July 7, 2019
Before We Worship
When we think about idolatry, we think of ancient people who made figures of deity out of wood, stone, metal for their religious devotion. That is certainly a form of idolatry, a form which we often find in the Old Testament. But today most people do not engage in this kind of idolatry any more, especially not Christians.
But the Bible’s teaching of idolatry is actually quite sophisticated. Not all forms of idolatry are simplistic and crass like the kinds mentioned above. See, for example, Paul’s teaching in 1 Cor 10:6–12. Paul warned the Corinthian believers of idolatry. But, surprisingly, the OT precedents he cited for them were not always incidents of Israel bowing before things made with hands! Rather, the idolatry that gripped the people of Israel was a far more subtler, and therefore more dangerous, type.
This insidious idolatry will have us find our joy and satisfaction in any thing other than God. Idolatry of this kind often masquerades as life-vision, harmless entertainment, or even as a blessing from God. In this regard, not only are Christians not exempt from this temptation, but may even be more susceptible to it. Think about that for a moment. Ask yourself what really makes you happy? What is the consuming passion in your life? What are the things without which you will never be happy in this life? What things, if God withheld them from you, would make you doubt his goodness? What would finally prove to you that God loves you?
Some of us will answer with “success.” We can idolize relationships. We think unless he or she returned our love, we will never be happy. We can idolize what people think of us. We feel fulfilled and happy when people think well of us, but feel miserable when we are criticized. Idolatry of this kind is subtle because we can justify our desire for these things as things good in and of themselves. And they may be, properly contextualized, good things. The problem is we make them the “bottom line” of our lives, the thing that grips our heart, motivates us, and drives us. Idolatry is the One Ring that binds every thing - good things - in darkness.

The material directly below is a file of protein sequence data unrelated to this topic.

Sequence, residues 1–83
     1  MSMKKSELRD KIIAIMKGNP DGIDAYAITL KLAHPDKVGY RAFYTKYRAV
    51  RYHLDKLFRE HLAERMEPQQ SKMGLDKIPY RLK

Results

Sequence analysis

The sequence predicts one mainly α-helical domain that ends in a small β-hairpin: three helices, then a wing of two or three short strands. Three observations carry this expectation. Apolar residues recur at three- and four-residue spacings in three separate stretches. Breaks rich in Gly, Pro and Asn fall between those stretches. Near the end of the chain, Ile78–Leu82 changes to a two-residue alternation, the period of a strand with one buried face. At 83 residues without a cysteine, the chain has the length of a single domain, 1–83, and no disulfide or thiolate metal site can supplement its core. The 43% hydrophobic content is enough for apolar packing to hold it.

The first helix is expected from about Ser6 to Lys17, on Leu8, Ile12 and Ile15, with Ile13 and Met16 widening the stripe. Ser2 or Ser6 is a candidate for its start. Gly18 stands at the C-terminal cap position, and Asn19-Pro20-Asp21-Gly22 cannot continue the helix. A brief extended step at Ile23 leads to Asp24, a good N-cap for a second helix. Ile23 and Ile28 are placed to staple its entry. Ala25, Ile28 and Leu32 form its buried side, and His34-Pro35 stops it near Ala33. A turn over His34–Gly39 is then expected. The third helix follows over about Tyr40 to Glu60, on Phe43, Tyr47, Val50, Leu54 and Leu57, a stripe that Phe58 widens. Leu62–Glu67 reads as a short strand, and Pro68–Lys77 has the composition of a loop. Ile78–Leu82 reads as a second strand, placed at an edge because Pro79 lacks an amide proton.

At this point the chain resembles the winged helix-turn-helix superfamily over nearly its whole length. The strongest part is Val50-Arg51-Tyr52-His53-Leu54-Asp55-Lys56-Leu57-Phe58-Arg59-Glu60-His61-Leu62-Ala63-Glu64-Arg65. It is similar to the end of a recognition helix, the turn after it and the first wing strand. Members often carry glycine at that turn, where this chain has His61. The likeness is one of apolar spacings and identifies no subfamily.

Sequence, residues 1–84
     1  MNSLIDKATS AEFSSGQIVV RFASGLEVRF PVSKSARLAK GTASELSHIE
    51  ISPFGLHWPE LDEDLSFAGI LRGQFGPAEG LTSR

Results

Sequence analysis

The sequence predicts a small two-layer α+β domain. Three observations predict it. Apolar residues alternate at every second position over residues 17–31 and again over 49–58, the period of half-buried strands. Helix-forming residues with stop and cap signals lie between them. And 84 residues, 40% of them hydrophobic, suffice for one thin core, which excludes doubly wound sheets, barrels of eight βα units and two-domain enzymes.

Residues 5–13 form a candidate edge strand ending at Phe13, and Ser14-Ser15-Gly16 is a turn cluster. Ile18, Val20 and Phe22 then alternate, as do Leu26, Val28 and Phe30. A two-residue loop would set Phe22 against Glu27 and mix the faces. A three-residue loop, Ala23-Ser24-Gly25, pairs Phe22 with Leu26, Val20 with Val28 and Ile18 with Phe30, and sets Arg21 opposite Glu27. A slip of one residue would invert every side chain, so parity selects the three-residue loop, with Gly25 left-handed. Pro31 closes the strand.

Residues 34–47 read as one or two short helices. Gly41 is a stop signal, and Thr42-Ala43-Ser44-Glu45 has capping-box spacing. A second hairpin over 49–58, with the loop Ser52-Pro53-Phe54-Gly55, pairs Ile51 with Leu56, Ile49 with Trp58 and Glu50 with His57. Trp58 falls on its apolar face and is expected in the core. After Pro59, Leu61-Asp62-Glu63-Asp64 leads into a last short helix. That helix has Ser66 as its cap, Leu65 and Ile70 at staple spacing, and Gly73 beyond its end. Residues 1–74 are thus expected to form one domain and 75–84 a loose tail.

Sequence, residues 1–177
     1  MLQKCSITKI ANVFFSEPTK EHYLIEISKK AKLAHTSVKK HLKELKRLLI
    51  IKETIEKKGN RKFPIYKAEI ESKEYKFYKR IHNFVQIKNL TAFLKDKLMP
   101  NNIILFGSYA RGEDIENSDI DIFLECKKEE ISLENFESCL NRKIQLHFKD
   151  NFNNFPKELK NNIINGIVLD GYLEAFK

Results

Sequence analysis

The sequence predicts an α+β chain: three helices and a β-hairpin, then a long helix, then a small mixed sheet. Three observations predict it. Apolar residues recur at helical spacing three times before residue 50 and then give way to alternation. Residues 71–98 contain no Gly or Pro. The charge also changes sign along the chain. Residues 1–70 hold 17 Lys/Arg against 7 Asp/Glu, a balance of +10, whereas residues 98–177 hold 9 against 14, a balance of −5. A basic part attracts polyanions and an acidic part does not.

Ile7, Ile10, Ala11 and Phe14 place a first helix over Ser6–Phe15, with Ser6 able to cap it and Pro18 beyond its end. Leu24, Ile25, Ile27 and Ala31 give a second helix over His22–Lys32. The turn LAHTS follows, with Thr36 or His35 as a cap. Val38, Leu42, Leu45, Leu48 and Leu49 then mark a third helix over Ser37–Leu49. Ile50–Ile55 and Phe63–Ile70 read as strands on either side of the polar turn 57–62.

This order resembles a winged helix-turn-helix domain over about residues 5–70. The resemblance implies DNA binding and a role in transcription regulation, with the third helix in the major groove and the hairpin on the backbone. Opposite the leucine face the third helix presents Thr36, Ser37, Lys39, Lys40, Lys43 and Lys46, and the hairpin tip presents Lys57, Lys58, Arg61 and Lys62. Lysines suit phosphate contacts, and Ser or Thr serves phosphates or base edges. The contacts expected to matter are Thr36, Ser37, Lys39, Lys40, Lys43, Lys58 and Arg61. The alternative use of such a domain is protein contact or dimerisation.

In other words, with good reasons the Ten Commandments begin with idolatry. For if our hearts are taking delight in who God is, if we find security in his will for us, if we live by his word, then the rest of the Ten Commandments will seem natural. But if our heart is not in the right place to begin with, then we may even find ourselves trying to keep the Ten Commandments not in grateful service to God, but in pursuit of idols.
It seems that at least in some Christian circles talks about idol and idolatry have become trendy. People talk about it, maybe even read books about it, but without the kind of self-introspection that leads us to cry, “Lord, have mercy on me!” Paraphrasing C.S. Lewis a little bit here, Trendy words come and go. They mostly go. May the Lord have mercy on us, that idol and idolatry are not just another passing thought of the moment. But that we find lasting delight in God, find our satisfaction and contentment in him who said, “I will never leave you nor forsake you.”
Call to Worship
‡ Isaiah 66:1–2 (p. 625)
‡ Trinity Hymnal #457 “Come, Thou Fount of Every Blessing”
‡ Trinity Hymnal #731 “Doxology”
Prayer of Invocation
The Reading and Exposition of the Law
Exodus 20:3 (p. 60)
The Shorter Catechism Qs. 46–48
Prayer of Confession
The Proclamation of the Gospel
“May the God of hope fill you with all joy and peace in believing, so that by the power of the Holy Spirit you may abound in hope.” (Romans 15:13 ESV)
No. 6 “The Lord Will Provide”
Presentation of Gifts and Offering
The Proclamation of God’s Word
Psalm 27 (p. 460)
Seeking the Face of the Lord
Rev. Ken Han
The Sacrament of The Lord’s Supper
We participate in the Lord’s Supper weekly. We welcome to the Lord’s Table all baptized believers who have sincere faith in Jesus Christ, and regularly worship in a Reformed or evangelical church.
The Lord’s Supper is a sign and a seal of the new covenant blessings. When we participate in the Lord’s Supper with faith, it strengthens our bond with our covenant Lord, Jesus Christ. Thus we participate properly when we come to our Savior with faith and repentance as we renew our resolve to forsake sin and live for his glory.
The Lord’s Supper also renews our bonds with God’s covenant community, the body of believers in the local church. As we receive the Lord’s Supper, we renew our pledge to give ourselves away in loving service.
During the distribution of the bread we will sing TH #647 “How Sweet the Name of Jesus Sounds” stanzas 1–3, and stanzas 4–6 during the distribution of the cup.
Trinity Hymnal #607 “Thy Loving-kindness, Lord, Is Good and Free”
Family Devotion for the Week
The June 30, 2019 sermon, Luke 24:44–53. “Worship the Risen and Ascended Lord” is available on our church website. You can also catch up on older sermons from our Sermon page and subscribe to sermon podcast here.
Upcoming Events and Notices
Join us for “12 for 19” as we read 12 great books in the year 2019. For July we will read Philip Ryken’s “When Trouble Comes.”
Please note that the catechism lessons will resume in the fall.
July 14 (Lord’s Day): In lieu of our regularly scheduled potluck lunch, you are all invited to the Han home for lunch and fellowship. Everyone is welcome!
July 28 (Lord’s Day): We look forward to welcoming the MTW missionary to Germanry, the Rev. David Stoddard. He will preach for us, and following a potluck fellowship lunch after the service, will give us a report of his work in Germany. Please join us and help us welcome him.
July 7: Kelly Rogers
July 14: TBA